September CPD Newsbrief — Mortgages
30-year mortgage applications rise with house prices
Rising house prices may be forcing borrowers to apply for longer-term mortgages of 30 years or more to reduce their monthly payments.
The Sunday Telegraph reports that 20 per cent of the 171,000 new mortgages taken out between April and June were for 30 years or longer, compared with 18 per cent in the previous quarter, according to data from the Council of Mortgage Lenders (CML).
First-time buyers are also spreading their payments over longer terms, with 28 per cent of all new first-time loans in Q2 taken out over 30 years or more, compared with 26 per cent in Q1. Ten years ago, only 4.5 per cent of all new mortgages were for more than 30 years.
The CML believes borrowers are opting for longer-term mortgages in the wake of rising property prices and fears of a hike in interest rates, which mean borrowers are struggling to meet their monthly payments. It says the increase in 30-year mortgages is also due to the Mortgage Market Review making affordability checks tougher to pass.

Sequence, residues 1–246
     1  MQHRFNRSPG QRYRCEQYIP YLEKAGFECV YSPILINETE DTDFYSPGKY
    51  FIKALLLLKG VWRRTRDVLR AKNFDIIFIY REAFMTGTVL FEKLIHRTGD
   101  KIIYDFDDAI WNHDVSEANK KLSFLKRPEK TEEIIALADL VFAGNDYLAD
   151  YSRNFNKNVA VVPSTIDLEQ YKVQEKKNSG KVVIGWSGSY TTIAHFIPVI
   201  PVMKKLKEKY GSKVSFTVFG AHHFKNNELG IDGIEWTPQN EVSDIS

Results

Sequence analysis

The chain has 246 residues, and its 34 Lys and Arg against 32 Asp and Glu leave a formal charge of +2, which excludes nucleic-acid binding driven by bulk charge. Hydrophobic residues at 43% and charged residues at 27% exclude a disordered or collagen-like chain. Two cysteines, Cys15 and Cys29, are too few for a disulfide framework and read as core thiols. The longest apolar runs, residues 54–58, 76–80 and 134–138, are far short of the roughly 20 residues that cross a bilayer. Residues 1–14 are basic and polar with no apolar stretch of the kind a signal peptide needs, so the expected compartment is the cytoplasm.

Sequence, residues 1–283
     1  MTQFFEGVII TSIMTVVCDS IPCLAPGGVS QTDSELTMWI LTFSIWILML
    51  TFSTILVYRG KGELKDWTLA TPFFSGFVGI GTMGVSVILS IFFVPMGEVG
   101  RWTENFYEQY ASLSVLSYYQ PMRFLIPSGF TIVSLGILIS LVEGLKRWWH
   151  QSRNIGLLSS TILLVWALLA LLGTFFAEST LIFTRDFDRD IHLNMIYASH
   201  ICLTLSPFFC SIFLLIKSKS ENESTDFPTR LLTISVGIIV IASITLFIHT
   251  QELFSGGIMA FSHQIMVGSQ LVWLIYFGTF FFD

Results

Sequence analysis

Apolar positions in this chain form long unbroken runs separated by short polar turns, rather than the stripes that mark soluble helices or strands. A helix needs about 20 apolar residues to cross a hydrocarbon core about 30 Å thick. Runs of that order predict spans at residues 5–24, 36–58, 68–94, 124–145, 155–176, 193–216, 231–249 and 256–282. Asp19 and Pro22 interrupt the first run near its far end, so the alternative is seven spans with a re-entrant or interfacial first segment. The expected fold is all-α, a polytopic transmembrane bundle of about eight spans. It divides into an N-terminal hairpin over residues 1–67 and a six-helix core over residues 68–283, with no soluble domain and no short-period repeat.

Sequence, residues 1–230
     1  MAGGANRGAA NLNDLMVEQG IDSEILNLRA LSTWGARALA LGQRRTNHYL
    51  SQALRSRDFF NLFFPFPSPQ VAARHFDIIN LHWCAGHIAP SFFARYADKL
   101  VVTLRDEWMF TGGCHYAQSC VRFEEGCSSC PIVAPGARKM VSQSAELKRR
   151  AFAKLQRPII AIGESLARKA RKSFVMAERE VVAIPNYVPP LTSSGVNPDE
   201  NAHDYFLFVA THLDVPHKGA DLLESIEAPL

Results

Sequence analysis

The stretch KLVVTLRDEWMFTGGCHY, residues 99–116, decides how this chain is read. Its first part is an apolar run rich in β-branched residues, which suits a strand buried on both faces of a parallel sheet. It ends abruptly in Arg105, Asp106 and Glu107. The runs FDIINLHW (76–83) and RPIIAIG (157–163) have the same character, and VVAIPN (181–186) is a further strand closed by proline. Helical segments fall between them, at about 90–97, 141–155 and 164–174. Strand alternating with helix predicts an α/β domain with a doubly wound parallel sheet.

In July, Bank of England deputy governor Andrew Bailey warned longer-term mortgages could create a problem for borrowers, should their income fall in later life. “We have to watch this very carefully, because if mortgages extend beyond the point at which people’s income falls off, then we have a long-term problem.”
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